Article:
VATICAN CITY — The Vatican's latest corruption scandal already had all the elements of a spy thriller: One cardinal who was fired during a "surreal" nighttime audience with the pope. Another cardinal, the nemesis of the first, who returned triumphantly to Rome after being acquitted of sexual abuse in Australia. And a fabulous luxury apartment building in London where the Holy See sank tens of millions of euros in donations from the faithful.

All that was missing was the mysterious woman who claimed to have links to the Italian secret services, and allegedly hoodwinked them all. Enter Cecilia Marogna, a 39-year-old political consultant who was arrested Tuesday in Milan on an international warrant issued by the Vatican, Italy's financial police confirmed Wednesday.

Vatican prosecutors have accused Marogna of embezzling some 500,000 euros ($590,000) in Vatican money for intelligence consulting she never really performed, working out of a Slovenian front company and using at least half the money instead to buy merchandise from Prada, Chanel and other fancy brands, Italian news reports said.

According to Vatican documents published in Italian newspapers and shown on investigative television shows this week, Cardinal Angelo Becciu, the onetime No. 2 in the Vatican secretariat of state, wired the funds to Marogna's Logsic firm, purportedly for humanitarian operations in Africa and Asia.

Marogna has told Italian media she was a political analyst and intelligence expert who reached out to Becciu in 2015 with concerns about security for Vatican embassies in hot spots and was quickly brought into the cardinal's inner circle.

Marogna told Corriere della Sera that over four years, Becciu wired her 500,000 euros as compensation, travel reimbursements and consultancy fees after she pitched herself as having "a network of relationships in Africa and the Middle East to protect nunciatures and missions from environmental and terrorist risks."

She defended some luxury expenditures — designer pocketbooks for example — as being "maybe for the wife of a Nigerian friend who was in a position to talk to the president of Burkina Faso."

Becciu, who was sacked by Pope Francis last month after admitting he sent 100,000 euros in Vatican money to a charity headed by his brother, has insisted that his dealings with Marogna were legitimate.

In an Oct. 7 statement issued by his lawyer, Becciu said "the contacts with Cecilia Marogna strictly pertains to institutional affairs."

Marogna's arrest was believed to be part of a sprawling corruption investigation launched last year by Vatican prosecutors into the Holy See's 350-million-euro investment into a London real estate venture, much of it funded by donations from the faithful.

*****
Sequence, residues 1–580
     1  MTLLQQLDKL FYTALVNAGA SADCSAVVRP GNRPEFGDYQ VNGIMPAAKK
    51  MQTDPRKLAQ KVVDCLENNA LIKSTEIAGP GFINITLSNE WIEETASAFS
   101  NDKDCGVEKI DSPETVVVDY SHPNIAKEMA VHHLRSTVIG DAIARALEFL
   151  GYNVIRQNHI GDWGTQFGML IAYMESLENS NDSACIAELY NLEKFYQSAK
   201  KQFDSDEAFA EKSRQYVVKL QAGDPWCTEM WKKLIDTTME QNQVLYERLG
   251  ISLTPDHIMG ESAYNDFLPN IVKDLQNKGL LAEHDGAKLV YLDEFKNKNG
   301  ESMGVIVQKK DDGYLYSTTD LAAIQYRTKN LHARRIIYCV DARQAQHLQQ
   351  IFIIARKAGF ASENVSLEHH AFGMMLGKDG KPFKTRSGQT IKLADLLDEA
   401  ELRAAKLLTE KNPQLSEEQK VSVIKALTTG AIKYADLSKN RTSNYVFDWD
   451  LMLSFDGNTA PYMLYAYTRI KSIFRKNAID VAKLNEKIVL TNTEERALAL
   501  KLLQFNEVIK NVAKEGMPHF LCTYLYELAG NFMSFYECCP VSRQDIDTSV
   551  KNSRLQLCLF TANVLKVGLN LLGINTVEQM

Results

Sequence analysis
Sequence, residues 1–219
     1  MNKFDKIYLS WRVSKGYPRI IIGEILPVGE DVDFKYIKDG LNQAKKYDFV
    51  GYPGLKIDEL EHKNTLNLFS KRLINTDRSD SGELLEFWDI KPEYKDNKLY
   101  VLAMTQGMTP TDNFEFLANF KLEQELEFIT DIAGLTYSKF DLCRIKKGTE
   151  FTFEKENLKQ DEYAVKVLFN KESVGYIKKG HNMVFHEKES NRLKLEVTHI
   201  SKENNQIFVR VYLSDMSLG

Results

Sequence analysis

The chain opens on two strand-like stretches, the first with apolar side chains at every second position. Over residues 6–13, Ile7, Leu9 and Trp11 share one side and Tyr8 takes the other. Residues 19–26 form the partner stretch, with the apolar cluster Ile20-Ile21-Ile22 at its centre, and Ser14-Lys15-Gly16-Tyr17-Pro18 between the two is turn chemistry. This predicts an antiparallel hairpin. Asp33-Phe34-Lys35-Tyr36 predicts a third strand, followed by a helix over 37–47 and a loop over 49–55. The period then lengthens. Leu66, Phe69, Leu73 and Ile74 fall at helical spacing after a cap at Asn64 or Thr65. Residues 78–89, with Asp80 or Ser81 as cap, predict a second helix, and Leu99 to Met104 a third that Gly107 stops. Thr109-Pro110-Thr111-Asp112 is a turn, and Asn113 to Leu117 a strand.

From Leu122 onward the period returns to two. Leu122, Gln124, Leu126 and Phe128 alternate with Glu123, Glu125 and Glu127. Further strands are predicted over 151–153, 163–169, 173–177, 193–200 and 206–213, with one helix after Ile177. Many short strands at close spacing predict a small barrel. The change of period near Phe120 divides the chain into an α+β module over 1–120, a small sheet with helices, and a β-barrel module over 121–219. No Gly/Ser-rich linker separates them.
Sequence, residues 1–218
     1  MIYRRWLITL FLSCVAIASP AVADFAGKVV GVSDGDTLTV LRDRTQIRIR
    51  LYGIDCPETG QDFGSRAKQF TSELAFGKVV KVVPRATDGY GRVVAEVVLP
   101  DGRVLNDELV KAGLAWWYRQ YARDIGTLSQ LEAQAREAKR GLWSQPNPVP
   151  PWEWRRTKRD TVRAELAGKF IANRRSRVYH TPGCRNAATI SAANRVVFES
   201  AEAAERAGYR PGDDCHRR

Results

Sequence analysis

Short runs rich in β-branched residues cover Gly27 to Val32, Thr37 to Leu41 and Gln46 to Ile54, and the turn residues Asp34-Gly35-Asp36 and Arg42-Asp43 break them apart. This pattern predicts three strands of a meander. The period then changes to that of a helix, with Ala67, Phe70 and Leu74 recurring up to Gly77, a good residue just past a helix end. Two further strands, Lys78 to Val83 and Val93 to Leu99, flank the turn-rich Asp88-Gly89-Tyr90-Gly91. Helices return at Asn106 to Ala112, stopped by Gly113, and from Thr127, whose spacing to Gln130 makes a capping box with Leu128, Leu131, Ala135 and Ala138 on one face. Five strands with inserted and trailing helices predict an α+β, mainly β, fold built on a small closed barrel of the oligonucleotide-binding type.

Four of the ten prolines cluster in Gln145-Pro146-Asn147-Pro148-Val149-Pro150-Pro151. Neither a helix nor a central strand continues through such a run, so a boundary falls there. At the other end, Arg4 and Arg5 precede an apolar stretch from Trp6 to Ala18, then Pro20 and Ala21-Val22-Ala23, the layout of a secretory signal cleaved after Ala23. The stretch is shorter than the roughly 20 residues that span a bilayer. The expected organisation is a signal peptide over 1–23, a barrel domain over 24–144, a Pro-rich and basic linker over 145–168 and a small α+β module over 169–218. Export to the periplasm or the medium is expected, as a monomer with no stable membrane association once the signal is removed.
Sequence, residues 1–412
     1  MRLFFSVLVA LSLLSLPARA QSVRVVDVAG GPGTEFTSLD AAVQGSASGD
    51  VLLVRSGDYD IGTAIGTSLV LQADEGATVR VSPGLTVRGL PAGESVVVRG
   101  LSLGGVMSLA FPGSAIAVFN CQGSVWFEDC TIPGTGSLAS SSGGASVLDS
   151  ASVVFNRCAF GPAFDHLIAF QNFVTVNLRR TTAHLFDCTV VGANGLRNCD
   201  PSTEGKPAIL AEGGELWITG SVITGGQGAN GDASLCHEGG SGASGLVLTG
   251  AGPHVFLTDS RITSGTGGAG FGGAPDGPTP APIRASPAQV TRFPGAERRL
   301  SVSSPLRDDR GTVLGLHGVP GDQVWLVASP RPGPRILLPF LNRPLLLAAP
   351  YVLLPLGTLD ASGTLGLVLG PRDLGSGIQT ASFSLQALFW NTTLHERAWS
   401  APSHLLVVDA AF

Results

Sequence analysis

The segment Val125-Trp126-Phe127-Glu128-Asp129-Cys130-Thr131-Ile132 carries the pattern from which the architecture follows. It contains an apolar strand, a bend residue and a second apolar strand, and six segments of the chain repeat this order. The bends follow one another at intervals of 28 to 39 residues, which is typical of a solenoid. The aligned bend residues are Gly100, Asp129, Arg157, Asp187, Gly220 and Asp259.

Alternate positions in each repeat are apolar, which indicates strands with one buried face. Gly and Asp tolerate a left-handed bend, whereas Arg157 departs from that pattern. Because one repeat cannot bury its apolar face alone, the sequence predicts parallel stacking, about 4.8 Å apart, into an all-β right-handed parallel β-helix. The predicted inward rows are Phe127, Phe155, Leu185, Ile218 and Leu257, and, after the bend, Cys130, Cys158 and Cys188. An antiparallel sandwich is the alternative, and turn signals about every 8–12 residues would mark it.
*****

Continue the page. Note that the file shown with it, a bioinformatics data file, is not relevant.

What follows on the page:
Vatican prosecutors are investigating a handful of Italian middlemen who are accused of having fleeced the Holy See of tens of millions of euros in fees while the Vatican's incompetent money managers stood by.

Vatican prosecutors haven't indicted anyone yet, and their case seems rife with holes and potential conflicts, given the Holy See's superiors approved the contracts with the middlemen that ceded them voting rights in the deal and provided them with huge management fees.

To that extent, it's not immediately clear what charges Marogna could face if she was merely on the receiving end of consulting fees Becciu approved. The cardinal had been given broad discretionary authority to manage the secretariat of state's assets by none other than the secretary himself, Cardinal Pietro Parolin.

Claiming her work was secret and involved relations with Italy's secret services, Marogna told Corriere she never provided receipts to the Vatican for her work or expenses.

Ending such sloppy record-keeping was the aim of Cardinal George Pell, a Becciu nemesis who was brought in to clean up the Vatican's finances and impose international accounting standards. Pell returned to Rome recently, after being acquitted of sexual abuse in his native Australia following a 13-month imprisonment. He enjoyed a well-publicized papal audience this week.

Becciu has not been formally identified as a suspect in the case, though when Francis fired him last month during a 20-minute evening audience Becciu said was "surreal," Francis also revoked his rights and privileges as a cardinal. That means he could eventually be judged by Vatican magistrates.

Becciu, who like Marogna is from Sardinia, has denied wrongdoing and defended the original investment as sound.

The Vatican's investigation has been unusual, in that it has been beset by leaks to the Italian media, which have largely reported positively on the progress of the probe and Francis' financial cleanup efforts.

Italian Vatican commentator Luis Badilla, writing in the much-read Vatican blog Il Sismografo, has noted that that the new president of the Vatican criminal tribunal, a former Italian magistrate, is also an editorial commentator for Italy's La Repubblica newspaper, whose expose last month led to Becciu's ouster.